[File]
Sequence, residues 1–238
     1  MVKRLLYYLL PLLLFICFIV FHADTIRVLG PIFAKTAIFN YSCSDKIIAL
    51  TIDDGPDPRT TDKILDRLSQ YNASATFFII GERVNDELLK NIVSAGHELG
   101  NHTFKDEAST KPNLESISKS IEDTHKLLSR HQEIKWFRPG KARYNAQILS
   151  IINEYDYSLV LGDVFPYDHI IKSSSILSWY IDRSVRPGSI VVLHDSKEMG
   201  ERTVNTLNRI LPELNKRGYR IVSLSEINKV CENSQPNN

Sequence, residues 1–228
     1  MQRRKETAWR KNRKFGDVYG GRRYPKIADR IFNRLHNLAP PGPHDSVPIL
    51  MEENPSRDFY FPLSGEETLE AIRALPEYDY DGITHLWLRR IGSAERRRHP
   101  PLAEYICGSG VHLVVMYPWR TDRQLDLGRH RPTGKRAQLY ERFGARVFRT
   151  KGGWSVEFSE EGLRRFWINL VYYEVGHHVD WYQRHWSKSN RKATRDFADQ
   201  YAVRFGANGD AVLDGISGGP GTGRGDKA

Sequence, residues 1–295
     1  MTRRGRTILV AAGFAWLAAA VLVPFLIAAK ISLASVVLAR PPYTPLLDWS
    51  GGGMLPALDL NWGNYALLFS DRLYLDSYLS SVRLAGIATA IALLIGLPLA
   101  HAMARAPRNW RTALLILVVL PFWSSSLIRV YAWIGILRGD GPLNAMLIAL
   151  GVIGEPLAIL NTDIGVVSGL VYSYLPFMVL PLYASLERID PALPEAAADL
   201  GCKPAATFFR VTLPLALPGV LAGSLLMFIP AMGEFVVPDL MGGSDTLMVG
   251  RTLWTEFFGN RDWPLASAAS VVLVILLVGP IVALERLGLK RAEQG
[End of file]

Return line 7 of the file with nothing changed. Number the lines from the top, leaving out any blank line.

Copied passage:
Sequence, residues 1–228